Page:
While you could write some Perl to do this, if you are only interested in some basic information about the sequences then using a existing tool such as the EMBOSS program infoseq is probably going to be easier. For example, getting the sequence length and GC composition:
$ infoseq -auto -only -accession -length -pgc em_rel_est_env Accession Length %GC AB446243 43 55.81 AB446244 174 59.20 AB446245 195 52.31 AB446246 205 61.46 AB446247 133 60.15 AB446248 106 62.26 AB446249 73 63.01 AB446250 216 57.41 ...
While this example uses white-space padded columns, the '-nocolumns' and '-delimiter' options can be used to produce a delimited table for easier parsing, and the header line detailing the columns can be disabled using the '-noheading' option.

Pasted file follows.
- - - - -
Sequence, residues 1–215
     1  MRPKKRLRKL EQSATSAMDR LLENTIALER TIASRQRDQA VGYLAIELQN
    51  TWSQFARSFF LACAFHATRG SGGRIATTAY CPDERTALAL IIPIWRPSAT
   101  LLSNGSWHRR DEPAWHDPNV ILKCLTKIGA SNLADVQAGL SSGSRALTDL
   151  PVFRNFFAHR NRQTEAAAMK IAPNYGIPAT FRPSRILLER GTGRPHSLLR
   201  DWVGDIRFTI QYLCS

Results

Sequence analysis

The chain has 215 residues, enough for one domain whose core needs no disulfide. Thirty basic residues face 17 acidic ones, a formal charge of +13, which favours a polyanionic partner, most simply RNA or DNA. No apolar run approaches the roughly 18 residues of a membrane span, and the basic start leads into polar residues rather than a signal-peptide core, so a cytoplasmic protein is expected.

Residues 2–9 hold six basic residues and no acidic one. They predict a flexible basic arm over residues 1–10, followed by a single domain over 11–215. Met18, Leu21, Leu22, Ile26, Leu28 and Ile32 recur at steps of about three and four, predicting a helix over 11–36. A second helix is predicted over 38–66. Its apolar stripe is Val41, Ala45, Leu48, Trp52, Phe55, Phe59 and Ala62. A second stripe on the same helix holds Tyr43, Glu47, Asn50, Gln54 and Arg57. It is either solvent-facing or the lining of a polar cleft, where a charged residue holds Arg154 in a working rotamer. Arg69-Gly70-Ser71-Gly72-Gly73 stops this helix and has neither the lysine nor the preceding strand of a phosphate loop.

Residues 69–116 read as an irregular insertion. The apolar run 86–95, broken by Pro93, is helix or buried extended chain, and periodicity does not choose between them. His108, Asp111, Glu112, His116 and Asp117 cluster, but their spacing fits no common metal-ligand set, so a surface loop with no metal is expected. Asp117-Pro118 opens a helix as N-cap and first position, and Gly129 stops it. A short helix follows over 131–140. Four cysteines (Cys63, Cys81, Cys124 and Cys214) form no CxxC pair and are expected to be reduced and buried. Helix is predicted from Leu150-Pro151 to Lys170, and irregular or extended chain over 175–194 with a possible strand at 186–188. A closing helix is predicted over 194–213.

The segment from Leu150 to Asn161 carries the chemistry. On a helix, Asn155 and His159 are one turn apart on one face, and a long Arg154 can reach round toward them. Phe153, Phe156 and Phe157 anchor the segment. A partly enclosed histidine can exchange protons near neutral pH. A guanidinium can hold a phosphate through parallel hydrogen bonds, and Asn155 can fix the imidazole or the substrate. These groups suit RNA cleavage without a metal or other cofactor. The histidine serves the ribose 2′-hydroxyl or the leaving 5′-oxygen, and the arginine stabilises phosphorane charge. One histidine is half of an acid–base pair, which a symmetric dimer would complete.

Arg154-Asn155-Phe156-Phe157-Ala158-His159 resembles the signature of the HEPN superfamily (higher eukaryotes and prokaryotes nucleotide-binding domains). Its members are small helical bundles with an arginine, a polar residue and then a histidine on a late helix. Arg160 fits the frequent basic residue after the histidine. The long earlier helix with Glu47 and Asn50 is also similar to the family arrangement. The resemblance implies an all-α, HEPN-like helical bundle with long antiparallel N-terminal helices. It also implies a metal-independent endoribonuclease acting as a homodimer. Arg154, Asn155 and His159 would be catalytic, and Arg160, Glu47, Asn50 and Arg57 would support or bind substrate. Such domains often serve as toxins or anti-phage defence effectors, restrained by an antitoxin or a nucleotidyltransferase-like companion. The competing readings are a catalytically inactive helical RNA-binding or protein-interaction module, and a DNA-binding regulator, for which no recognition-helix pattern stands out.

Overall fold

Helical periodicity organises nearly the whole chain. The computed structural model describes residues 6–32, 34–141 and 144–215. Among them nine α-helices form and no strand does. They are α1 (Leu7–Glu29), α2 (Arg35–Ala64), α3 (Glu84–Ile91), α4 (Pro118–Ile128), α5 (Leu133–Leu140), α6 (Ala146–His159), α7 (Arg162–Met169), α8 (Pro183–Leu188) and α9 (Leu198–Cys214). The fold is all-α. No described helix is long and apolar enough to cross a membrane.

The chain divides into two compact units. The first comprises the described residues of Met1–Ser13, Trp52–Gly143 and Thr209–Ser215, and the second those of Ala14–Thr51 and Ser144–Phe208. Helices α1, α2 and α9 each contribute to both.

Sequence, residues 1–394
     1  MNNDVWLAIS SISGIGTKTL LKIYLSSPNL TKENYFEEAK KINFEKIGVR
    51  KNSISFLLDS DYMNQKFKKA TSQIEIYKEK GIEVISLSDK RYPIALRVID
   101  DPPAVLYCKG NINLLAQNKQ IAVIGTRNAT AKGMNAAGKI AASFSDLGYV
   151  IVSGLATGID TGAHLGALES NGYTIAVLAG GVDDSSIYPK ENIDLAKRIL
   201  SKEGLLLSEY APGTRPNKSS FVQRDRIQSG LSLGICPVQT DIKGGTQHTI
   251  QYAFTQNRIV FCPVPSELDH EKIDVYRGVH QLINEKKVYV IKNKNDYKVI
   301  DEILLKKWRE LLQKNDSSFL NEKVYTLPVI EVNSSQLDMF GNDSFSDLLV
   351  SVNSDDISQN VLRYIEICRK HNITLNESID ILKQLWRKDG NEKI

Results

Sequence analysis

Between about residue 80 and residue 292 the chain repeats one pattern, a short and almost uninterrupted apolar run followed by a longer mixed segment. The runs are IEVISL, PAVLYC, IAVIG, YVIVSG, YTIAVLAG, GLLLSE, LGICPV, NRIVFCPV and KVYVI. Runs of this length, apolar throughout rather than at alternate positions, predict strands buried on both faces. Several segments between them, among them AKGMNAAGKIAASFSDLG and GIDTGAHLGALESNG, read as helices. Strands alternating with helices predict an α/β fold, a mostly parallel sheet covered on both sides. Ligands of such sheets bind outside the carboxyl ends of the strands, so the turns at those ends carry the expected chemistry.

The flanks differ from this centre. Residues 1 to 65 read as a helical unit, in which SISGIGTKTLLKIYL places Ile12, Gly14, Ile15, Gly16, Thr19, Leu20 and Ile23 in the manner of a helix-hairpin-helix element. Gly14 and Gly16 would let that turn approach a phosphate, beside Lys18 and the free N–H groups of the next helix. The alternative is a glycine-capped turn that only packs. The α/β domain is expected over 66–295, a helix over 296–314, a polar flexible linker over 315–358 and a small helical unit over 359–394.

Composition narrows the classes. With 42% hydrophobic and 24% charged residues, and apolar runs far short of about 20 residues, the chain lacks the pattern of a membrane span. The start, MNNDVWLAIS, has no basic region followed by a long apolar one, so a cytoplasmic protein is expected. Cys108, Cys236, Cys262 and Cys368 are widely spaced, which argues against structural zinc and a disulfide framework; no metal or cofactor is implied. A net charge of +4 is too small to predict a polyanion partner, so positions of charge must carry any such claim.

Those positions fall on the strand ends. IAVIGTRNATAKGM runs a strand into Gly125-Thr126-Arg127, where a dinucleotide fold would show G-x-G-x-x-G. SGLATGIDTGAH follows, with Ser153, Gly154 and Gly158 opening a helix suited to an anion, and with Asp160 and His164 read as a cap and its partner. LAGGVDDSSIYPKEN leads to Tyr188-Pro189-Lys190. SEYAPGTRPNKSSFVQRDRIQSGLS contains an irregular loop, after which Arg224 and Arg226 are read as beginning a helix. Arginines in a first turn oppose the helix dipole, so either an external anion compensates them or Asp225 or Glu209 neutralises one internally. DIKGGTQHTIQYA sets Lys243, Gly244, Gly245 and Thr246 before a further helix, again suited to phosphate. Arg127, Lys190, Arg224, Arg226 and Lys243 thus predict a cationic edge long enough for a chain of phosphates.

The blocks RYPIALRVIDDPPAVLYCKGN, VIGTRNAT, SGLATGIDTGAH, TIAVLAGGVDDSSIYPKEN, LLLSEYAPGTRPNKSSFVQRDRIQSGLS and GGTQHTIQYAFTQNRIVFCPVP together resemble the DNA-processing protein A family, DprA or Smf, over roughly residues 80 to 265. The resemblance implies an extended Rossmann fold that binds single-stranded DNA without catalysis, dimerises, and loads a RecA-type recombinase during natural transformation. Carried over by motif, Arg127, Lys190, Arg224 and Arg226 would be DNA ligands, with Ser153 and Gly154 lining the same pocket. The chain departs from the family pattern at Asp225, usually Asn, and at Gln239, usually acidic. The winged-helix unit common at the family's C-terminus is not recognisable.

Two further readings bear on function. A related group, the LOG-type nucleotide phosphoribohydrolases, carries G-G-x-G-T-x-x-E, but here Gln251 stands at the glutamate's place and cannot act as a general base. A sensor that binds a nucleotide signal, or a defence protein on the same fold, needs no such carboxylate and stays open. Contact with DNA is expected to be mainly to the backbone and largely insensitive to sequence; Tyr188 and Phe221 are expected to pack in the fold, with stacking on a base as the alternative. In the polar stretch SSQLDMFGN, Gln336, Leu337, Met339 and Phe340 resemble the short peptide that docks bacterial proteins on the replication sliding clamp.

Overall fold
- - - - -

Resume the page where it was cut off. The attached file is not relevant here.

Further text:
If you are interested in extracting other information from the sequences, as a staring point try looking at the other EMBOSS programs: http://emboss.open-bio.org/html/use/apbs02.html
From Perl you could use 'system()' to run an EMBOSS program externally, or you could use the EMBOSS support in BioPerl to run EMBOSS programs (see http://www.bioperl.org/wiki/HOWTO:Beginners#Using_EMBOSS_applications_with_Bioperl).
Alternativly you could use the sequence information support available in BioPerl, see http://www.bioperl.org/wiki/HOWTO:Beginners#Obtaining_basic_sequence_statistics.